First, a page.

Early last month, Col. Peter E. Brownback III, the judge presiding over the case of Omar Ahmed Khadr at Guantanamo Bay, put his foot down. The prosecution had to hand over documents detailing Khadr's medical, interrogation and incarceration records to his defense attorney, or the case would not proceed.

Now, less than a month later, Brownback has quietly been replaced. It's just the latest development at Gitmo to cause suspicion among human rights groups and defense lawyers that Pentagon officials are more concerned with scoring a PR coup than with justice.

It's an understatement to say that the military commissions at Guantanamo Bay have not gone speedily. Innumerable complications, such as multiple legal appeals all the way to the Supreme Court (many successful) and allegations of torture, have seen to that. Six years after the prison opened, the commissions have resulted in a single guilty plea. (The detainee in that case was Australian David Hicks, who as part of his plea deal was sent back to Australia and then months later, released.)

Still, administration officials and prosecutors have been trying to move things along. And Brownback's rulings repeatedly frustrated the case's progress. Last summer, he dismissed the government's case against Khadr, a ruling that was overturned on appeal. During a later hearing, Brownback said that Pentagon officials had made clear they "didn't like" his ruling.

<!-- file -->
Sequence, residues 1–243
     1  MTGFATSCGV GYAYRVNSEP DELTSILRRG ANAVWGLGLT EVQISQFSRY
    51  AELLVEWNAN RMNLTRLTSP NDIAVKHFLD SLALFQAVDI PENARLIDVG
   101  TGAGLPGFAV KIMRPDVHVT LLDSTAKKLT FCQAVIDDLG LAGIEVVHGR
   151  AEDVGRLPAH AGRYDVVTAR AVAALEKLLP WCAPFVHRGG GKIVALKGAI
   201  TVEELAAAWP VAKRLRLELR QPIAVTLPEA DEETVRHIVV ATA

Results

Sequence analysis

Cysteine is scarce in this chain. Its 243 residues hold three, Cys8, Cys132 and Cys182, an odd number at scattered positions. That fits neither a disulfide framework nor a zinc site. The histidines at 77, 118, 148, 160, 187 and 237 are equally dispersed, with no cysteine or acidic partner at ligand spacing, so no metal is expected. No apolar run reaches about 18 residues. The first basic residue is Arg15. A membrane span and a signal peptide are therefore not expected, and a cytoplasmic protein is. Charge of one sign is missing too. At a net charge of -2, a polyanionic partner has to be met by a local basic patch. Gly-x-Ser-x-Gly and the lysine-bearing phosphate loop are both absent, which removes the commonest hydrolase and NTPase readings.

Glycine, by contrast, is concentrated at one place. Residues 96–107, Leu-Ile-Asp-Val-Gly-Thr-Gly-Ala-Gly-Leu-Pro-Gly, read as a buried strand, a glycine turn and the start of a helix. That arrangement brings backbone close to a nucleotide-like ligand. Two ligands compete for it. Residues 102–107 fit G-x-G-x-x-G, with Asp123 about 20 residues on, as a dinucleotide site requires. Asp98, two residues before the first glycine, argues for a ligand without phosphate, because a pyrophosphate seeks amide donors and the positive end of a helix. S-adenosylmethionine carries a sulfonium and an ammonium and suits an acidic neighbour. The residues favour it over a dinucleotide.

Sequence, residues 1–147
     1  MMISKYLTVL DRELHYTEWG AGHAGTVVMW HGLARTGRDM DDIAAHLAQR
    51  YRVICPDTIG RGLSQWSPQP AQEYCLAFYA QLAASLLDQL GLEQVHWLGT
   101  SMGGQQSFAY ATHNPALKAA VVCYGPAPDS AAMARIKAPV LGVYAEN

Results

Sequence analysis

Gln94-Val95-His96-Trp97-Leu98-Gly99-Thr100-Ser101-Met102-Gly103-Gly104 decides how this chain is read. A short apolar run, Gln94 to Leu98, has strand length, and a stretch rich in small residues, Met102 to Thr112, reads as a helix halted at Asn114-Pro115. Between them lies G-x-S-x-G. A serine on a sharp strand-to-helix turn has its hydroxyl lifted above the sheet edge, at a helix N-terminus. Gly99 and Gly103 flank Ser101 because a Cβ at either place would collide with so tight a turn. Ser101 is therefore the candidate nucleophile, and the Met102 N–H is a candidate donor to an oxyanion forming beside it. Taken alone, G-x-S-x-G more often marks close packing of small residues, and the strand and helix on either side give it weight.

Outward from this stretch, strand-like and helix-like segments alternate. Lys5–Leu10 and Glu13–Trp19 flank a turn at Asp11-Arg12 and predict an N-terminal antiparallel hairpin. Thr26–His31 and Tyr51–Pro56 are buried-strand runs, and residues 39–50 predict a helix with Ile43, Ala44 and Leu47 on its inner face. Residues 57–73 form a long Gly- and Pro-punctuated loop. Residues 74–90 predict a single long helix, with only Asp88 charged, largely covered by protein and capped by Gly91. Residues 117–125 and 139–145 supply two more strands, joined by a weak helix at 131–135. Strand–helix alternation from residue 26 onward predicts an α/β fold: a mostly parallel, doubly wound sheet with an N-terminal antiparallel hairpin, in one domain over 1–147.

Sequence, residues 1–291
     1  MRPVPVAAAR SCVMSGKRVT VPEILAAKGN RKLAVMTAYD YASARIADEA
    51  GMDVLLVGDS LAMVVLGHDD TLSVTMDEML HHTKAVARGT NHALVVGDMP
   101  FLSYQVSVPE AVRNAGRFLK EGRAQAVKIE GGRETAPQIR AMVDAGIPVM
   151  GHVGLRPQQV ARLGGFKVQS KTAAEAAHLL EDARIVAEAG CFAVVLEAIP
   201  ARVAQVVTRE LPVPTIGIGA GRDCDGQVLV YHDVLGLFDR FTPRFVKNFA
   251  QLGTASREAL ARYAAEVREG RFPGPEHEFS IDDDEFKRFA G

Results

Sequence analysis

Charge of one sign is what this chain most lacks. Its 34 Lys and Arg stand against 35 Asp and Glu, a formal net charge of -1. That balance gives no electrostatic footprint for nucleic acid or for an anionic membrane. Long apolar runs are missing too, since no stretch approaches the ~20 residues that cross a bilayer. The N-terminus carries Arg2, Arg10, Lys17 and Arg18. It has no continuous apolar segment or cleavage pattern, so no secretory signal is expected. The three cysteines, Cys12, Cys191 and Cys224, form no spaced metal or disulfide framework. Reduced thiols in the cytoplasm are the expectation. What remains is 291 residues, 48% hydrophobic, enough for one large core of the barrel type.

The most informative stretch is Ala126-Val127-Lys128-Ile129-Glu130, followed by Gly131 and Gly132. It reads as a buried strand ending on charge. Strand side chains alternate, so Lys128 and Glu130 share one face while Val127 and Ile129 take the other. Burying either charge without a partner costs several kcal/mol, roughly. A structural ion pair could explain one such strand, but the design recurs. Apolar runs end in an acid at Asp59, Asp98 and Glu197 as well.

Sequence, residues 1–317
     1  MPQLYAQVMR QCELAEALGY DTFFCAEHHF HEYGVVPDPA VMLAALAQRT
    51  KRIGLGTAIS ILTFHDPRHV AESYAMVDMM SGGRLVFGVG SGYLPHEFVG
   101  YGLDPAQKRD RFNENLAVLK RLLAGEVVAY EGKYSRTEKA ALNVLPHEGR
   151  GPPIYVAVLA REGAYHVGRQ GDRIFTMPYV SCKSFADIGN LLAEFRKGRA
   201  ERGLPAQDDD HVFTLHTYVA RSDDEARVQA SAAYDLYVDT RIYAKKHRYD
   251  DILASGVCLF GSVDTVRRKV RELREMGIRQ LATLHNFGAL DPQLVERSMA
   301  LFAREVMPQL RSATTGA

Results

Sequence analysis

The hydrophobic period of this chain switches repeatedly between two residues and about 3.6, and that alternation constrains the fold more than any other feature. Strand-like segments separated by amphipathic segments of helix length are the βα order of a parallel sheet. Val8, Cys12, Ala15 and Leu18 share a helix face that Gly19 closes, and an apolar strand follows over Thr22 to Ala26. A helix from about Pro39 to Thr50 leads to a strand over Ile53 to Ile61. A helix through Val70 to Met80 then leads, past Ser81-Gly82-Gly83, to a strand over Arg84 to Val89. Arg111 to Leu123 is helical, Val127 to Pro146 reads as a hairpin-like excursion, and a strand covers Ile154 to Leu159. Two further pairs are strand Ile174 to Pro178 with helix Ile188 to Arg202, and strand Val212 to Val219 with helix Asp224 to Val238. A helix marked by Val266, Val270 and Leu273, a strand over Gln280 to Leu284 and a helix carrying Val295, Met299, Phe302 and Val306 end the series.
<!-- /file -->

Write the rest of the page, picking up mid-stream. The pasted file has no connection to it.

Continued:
He must have made himself no more popular with his insistence that the prosecution turn over Khadr's records, another decision that threatened to grind the trial to a halt. Brownback had said that the prosecutor in the case had "badgered and beaten and bruised" him in an effort to get Brownback to set a trial date.

Khadr's case is expected to be among the first to go to trial at Gitmo. And besides the looming prosect of the Supreme Court's impending decision on the constitutionality of the commissions, Khadr's lawyer also says that prosecutors are eager to get the case moving before Canada demands his repatriation. Khadr, a 21-year-old Canadian citizen, is charged with killing a U.S. soldier in Afghanistan.

No one at the Defense Department has explained why Brownback was replaced. The Pentagon has not commented, and a tribunal spokesman only said that the move was a "mutual decision" between Brownback and the Army. No reporter has been able to contact Brownback himself for an explanation.

But if you're looking for an explanation, Khadr's defense lawyer, Lt. Cmdr. William C. Kuebler, has a simple observation: “The judge who was frustrating the government’s forward progress in the Khadr case is suddenly gone.”